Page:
Posts Tagged ‘smartphone’

smartphone rebates in malaysia

I wrote a lengthy email (on 7 January 2013) about smartphone rebates for a journalist, but I think it didn’t fit with their planned story, so I’m pasting it here instead. The story, of course, never ran. Today I see that Maxis is already recycling spectrum that they own for LTE. Maybe these rebates make sense (from a recycling spectrum perspective), but I still think overall it’s meant to be abused. I’m pasting the email here in its entirety.

1. Who do you think will use the smartphone rebates?

Well, it is stipulated that people between 21-30, whom earn less than RM3,000 per month. The cap is set at RM300 million. This benefits 1.5 million youths aged between 21-30. This also benefits mobile phone resellers at a crucial time

I am more concerned that our youths are earning so little to begin with, but that is cause for another story.

From what I gather, more than 22,000 people have already taken on the rebate, meaning the payout has already been RM4.4 million *gasp*

I do not like any form of subsidy to begin with (including petrol subsidies), so I do not think we should continue to feed the subsidy mentality.

I do not like the idea of flip flops either. You do not first say the RM200 rebate is for 3G phones costing less than RM500. Then make an ad with an iPhone in it. Then back track completely and say its for any phone because of political pressure from youth wings of political parties (read: for a good story)

There can be a benefit – more people with 3G enabled phones. Maybe this gives MCMC the benefit of getting rid of the 2G networks and recycling the spectrum. Puncak Niaga (read The edge from a few weeks back) wants to get access to some of this spectrum, because their 40MHz of LTE spectrum isn’t enough for proper roll outs. This has been done before in other countries, see:

This can also be a benefit for app developers. What apps can you develop to target 1.5 million people, aged 21-30, who are low income earners (below RM36,000)? Will we see more banks targeting this segment with apps? Mobile payments? Mobile loyalty? Etc.

All this aside, I keep on wondering. If you need a RM200 subsidy to buy your iPhone priced at RM2,199, you probably don’t deserve/need it. You’re just happy getting a free cheque from the government, so that you might remember them during voting time.

If you are truly using a 2G device and think you want to upgrade to some cheap 3G device, maybe it will benefit you.

But how does 3G benefit you without mobile data that you most likely cannot afford? Even U Mobile will set you back RM30/month for data from what I remember, and that hits you at RM360/yr. The RM200 rebate doesn’t benefit you that much right? :-) But maybe its about 6 months of free data, which you can always remember till election time :-)

I see the only benefit of this as recycling spectrum. But its sad that we don’t charge in bidding process for spectrum – we just give it away… sigh

2. Who will benefit BN or PR and why?

+ RM200 packet to people earning less than RM3,000. Who doesn’t like free money?
+ Who doesn’t like a new phone?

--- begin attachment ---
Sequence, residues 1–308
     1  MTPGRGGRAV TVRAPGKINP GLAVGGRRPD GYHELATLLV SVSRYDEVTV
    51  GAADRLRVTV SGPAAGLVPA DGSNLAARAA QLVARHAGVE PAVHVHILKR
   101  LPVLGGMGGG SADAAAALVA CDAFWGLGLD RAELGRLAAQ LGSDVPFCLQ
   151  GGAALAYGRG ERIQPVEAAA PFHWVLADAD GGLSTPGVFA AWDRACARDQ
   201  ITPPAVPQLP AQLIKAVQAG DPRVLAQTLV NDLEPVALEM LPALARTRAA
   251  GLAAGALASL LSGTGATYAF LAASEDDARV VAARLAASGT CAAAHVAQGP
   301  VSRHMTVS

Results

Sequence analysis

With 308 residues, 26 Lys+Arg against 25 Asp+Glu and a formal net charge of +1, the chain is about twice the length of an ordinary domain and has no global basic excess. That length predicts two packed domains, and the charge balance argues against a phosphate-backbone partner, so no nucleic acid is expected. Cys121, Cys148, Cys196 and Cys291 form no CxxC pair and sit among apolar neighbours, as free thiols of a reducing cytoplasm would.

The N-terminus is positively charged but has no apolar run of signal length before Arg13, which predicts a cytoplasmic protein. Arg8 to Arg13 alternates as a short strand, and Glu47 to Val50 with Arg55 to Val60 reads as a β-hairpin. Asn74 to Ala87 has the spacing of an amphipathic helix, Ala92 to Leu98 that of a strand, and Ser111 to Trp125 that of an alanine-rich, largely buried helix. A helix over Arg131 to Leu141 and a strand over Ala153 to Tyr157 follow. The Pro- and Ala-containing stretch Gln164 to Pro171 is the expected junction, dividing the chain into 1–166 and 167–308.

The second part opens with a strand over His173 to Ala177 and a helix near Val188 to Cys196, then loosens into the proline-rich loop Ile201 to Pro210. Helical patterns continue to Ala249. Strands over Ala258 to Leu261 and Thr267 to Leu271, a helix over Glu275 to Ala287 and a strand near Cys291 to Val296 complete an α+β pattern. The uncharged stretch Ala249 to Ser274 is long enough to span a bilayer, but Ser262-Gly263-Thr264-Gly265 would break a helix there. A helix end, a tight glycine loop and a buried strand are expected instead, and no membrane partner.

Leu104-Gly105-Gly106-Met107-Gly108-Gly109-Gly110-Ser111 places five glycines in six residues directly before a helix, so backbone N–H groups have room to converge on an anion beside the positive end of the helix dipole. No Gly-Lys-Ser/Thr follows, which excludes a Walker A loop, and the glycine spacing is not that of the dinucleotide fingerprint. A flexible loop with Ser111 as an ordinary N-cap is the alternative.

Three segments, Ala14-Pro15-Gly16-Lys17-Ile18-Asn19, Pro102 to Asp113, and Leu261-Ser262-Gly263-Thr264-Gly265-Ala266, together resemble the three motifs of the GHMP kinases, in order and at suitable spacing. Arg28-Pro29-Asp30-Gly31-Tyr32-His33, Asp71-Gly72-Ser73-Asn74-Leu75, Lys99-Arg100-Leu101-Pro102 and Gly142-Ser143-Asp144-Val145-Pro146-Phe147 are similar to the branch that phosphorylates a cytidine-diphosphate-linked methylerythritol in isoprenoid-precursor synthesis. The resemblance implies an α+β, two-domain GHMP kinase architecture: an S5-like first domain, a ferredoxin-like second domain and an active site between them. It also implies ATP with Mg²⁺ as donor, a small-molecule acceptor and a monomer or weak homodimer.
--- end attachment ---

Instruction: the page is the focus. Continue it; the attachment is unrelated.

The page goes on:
+ shoddy implementation by BN. Disguised bribe. Highlight it
+ people can now stop reading Utusan and start reading The Malaysian Insider/Malaysiakini. This is a great bonus

3. Was it a good step for BN and why?

I don’t think providing more subsidies is sensible. It goes against the principles of PEMANDU Chief idris jala as well. How do you wean people off subsidies if you keep on providing them more of it?

Here’s again how PR can benefit – its like the left foot doesn’t coordinate with the right foot, thus making a terrible tango (dance).

Nokia N97 – Quick Impressions II

This is part of an ongoing series on the Nokia N97 phone. Get started with Nokia N97 Quick Impressions and Quick Impressions II.

The Nokia N97

There were just some items that I neglected to cover in the first article on the Nokia N97 – Quick Impressions.

Last Friday, I was invited to the Nokia N97 launch party at Mandarin Oriental, thanks to Text100/Nokia. Amidst all the fanfare and meeting friends, I decided to take a closer look at the N97 again, this time armed with my Kodak Zi6. As a consequence, I have two somewhat blurry videos (sorry, the phones were bolted on to devices that prevented theft, making my job a lot harder), one demoing gravity and the touch screen features, and another taking a look around the phone showing off things like the keyguard, and so on. There are a bevy of questions and comments there on YouTube, which I wish were just integrated into my blog, but I’m surprised at the amount of people searching for N97 videos :-)

If you’re interested in the party, which was excellent, BTW, don’t hesitate to read Yoon Kit’s entry, or even Bernard’s entry.

First up, the phone costs RM2,480. That is the suggested retail price, and its not much different from Singapore, a marked improvement from what the N96 or the E90 costs.

The phone comes with a stylus. There were none around that day, so using your fingers makes the most sense. Who wants to use a stylus you ask? Nokia is making it easy for input of Chinese characters. I however do think that its silly to have to place the stylus in the case (you’re bound to lose it). But I’ve never seen the case, so I don’t know if its something I would use (I normally never use any cases for any of my phones).

Comments in the videos above, as well as from using it, will show that the touchscreen isn’t as responsive as what you’d find on the iPhone. I wrote this when I reviewed the Nokia 5800: